Any symbol that advocates the dehumanization of, and violence towards, any group of people should be not allowed on government-owned property and or at government-sponsored events.
The people of Saratoga Springs are better than this and deserve to be treated as such. We are pleased that the mayor’s office is taking steps to ensure that we as a community are.
Ballston Spa missing benefits of farms first
Re June 2 article, “Town Board approves controversial developments”: I extend my thanks and commendations to the two councilmen who remembered the farms-first motto, which once distinguished the town residents who wished to maintain the rural quality of our community from those who pressed for development.
The farms-first supporters lost, and along with the loss of farmland, the town also lost natural environmental beauty, wildlife variety and habitat, uncongested traffic, social amity and the serenity of a comfortable pace of everyday living.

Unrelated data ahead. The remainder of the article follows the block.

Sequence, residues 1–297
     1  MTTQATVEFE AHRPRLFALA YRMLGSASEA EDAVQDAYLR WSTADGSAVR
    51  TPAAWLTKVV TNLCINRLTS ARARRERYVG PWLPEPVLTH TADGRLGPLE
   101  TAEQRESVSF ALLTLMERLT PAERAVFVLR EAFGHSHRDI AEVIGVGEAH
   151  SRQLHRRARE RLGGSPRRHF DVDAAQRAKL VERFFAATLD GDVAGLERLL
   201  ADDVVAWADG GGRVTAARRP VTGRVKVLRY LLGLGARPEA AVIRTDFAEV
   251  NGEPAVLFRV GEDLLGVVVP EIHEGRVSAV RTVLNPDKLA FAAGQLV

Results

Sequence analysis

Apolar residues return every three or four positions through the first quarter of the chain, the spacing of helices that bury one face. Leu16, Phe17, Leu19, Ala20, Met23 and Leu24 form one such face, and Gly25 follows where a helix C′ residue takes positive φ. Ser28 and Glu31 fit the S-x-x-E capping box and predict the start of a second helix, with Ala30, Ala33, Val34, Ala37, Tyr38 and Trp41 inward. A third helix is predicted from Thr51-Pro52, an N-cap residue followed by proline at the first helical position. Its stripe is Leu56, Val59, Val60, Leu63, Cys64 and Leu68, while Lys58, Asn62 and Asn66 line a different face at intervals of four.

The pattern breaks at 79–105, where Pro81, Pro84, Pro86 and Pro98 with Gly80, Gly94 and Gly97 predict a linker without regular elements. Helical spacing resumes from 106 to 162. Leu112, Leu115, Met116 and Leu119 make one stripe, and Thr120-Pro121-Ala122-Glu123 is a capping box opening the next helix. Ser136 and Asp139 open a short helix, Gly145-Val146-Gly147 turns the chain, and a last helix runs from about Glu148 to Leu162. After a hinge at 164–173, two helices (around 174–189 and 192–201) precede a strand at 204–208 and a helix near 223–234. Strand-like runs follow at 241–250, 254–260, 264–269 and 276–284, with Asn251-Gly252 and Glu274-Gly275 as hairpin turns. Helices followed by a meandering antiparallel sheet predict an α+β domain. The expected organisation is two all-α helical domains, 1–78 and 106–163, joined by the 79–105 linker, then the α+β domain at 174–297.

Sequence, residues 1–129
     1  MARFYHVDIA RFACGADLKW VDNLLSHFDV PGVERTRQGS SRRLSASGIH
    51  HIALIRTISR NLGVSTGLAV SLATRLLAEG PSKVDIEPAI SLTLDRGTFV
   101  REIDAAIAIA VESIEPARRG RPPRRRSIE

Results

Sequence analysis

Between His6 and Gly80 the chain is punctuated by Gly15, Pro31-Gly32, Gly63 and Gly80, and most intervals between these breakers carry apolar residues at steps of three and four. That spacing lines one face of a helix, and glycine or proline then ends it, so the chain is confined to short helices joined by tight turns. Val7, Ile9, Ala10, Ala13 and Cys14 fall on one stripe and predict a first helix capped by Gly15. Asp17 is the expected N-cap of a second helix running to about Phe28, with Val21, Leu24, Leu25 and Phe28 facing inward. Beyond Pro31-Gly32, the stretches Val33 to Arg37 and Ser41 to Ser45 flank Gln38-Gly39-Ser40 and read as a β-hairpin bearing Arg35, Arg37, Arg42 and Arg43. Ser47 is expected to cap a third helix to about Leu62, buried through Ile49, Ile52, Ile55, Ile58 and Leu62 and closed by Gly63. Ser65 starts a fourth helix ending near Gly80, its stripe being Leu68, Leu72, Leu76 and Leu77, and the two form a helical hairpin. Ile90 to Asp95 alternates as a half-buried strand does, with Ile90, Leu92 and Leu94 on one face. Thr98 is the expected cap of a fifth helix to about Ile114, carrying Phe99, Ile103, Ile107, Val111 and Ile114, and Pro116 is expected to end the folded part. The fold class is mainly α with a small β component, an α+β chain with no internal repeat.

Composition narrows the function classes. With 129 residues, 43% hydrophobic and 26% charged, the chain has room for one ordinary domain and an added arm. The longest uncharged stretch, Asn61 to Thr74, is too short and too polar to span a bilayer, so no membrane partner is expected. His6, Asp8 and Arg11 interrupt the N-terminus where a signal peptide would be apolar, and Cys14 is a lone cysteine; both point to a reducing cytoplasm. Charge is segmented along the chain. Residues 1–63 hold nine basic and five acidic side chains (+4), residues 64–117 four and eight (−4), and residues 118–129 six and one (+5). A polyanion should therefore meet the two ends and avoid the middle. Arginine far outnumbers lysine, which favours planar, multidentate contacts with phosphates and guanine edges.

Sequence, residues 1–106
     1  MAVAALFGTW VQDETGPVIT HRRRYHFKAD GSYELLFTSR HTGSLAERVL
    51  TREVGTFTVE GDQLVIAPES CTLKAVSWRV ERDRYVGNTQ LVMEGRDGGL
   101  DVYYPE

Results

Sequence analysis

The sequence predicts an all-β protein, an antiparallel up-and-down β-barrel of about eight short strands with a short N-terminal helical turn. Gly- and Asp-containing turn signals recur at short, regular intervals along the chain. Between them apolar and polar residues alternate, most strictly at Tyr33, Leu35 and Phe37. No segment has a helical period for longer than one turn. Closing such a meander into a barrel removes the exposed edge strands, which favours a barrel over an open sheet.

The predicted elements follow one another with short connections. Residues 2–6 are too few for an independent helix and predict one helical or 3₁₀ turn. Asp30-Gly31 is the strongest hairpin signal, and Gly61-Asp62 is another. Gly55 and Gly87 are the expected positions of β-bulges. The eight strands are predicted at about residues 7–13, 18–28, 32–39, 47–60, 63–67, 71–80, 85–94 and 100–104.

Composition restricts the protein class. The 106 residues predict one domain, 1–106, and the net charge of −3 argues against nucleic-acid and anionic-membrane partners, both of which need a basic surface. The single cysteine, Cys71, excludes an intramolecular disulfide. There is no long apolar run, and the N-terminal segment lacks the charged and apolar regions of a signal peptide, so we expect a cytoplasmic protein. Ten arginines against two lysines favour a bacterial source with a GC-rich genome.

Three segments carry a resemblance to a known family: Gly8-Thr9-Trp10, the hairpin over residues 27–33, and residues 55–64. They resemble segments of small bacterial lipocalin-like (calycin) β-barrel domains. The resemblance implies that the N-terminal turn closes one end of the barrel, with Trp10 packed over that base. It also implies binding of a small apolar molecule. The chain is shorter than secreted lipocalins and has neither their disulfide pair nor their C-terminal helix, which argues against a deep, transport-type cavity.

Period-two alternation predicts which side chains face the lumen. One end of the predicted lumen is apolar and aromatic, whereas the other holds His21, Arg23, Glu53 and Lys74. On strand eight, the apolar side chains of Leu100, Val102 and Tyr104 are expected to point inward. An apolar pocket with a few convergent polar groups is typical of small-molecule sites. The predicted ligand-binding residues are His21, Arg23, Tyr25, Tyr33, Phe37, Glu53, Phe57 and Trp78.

From The Gazette article cited above, it appears that development proponents continue to carry the day.
Dorothy M. Butch
Frances Perkins owed recognition for service
I read with interest the June 9 Opinion piece, “Remember the women whose talents America wasted.” Eleanor Roosevelt is mentioned, deservedly so. But rarely mentioned these days in such discussions and others about women who deserve to be pictured on U.S. currency is New York’s own former Industrial Commissioner and U.S. Labor Secretary Frances Perkins (1880-1965).
Perkins’s talents were not wasted, as governors Al Smith and Franklin D. Roosevelt used her education and skills to further their labor and social welfare programs, many of which were proffered by Perkins.
Smith appointed her to the State Industrial Commission in 1918 and FDR appointed her industrial commissioner in 1928. FDR then brought her to Washington in 1933 as U.S. Secretary of Labor, a position she held until 1945, when she moved to the U.S. Civil Service Commission. She spearheaded many of the New Deal programs that continue to benefit folks today.
Frances Perkins was a truly remarkable woman who should not be relegated to the dustbin of history.